Any thoughtful film about the Israel-Palestine conflict naturally takes futility as its main subject; and acclaimed Israeli filmmaker Joseph Cedar has a central premise in his new film "Beaufort" that perfectly encapsulates not just the futility of war but also the cycle of retribution and violence that will seemingly forever engulf the Middle East. Set in 2000, Cedar's film, based on a novel by Ron Leshem, depicts a troop of Israeli soldiers assigned to watch over the outpost castle of Beaufort, located in Lebanon. As much a symbol of pride as a necessary strategic base, Beaufort, built in the 12th century by Crusaders, was claimed by the Palestinian Liberation Organization in the 1970s, during Lebanon's Civil War, before being captured by the Israeli army in 1982. For the next eighteen years, Israel commandeered the castle, its existence as an image of superiority and dominance greatly controversial, especially since the soldiers assigned to watch it had been regularly the targets of Hezbollah ambush.
With the dubious, crumbling bastion, located in distant mountains overlooking southern Lebanon and northern Israel, as its backdrop, "Beaufort" goes on not to dramatize a mundane tale of indomitable soldiers in wartime, but rather investigates the inner lives of men caught between pragmatism and entrenched patriotism. Figuratively and literally isolated, the troops, led by the enigmatic Liraz (Oshri Cohen), while away their days and, more nervously, their nights in the labyrinthine bunkers and stone crevices of the castle.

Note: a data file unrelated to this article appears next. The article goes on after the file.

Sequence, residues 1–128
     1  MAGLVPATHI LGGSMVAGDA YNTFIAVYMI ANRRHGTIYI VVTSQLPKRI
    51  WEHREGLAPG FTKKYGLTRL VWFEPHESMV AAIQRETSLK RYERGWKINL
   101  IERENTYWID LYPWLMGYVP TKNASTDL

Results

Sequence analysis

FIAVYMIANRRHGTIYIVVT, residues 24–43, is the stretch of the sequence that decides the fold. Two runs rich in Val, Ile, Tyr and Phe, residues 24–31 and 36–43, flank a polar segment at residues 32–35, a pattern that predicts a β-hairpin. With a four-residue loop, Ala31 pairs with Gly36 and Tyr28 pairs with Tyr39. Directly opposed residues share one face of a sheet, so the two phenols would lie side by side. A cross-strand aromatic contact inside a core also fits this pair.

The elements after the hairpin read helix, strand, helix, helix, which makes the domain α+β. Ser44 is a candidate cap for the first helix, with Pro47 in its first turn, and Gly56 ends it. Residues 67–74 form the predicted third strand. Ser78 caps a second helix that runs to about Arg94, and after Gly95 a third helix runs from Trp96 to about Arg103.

Though occasionally the men are caught in conventionally nightmarish scenarios--the diffusing of a landmine on the dirt road leading to Beaufort; the sudden attacks from enemies, always unseen--for the most part the film focuses on the minutiae of everyday existence, the moments of forced levity between the soldiers, the simple communication and poignant emotion that occur when one of the men, Shpitzer (Arthur Faradjev), performs music on his mini-keyboard. All hope seems lost, the pointlessness of the defense position grows increasingly obvious, the attacks continue; yet rather than give up, they just keep reinforcing the base with more concrete.
Cedar, a New York--born Israeli citizen and a graduate of Hebrew University and NYU film school, is one of Israel's most popular directors, even though his prior films, "Time of Favor" and "Campfire" proved only mildly successful on limited art-house circuits in the U.S. "Beaufort" deserves a wider viewership; Cedar won the Silver Bear for Best Director for the film at last year's Berlin Film Festival, and it's easy to see why. He excels at atmosphere, creating an overwhelmingly sustained tone of hushed dread throughout the film.
"Beaufort" is a film of tense lulls punctuated by jarring explosions; an angry film mostly told in a terrified whisper. Cinematographer Ofer Inov's palette is of burnished yellows radiating out of pitch-black dark, ominously accompanied by far-off wind whistles and the sad creaking of metal bunks. "Beaufort," which follows the men up until they are finally ordered to abandon and detonate their stronghold, is exceedingly melancholy, yet consistently gripping filmmaking. And after such long, slow momentum, it ends with an image of catharsis that feels earned not only by narrative but by the heavy burden of history.
[Michael Koresky is a staff writer at Reverse Shot and the managing editor and staff writer of the Criterion Collection.]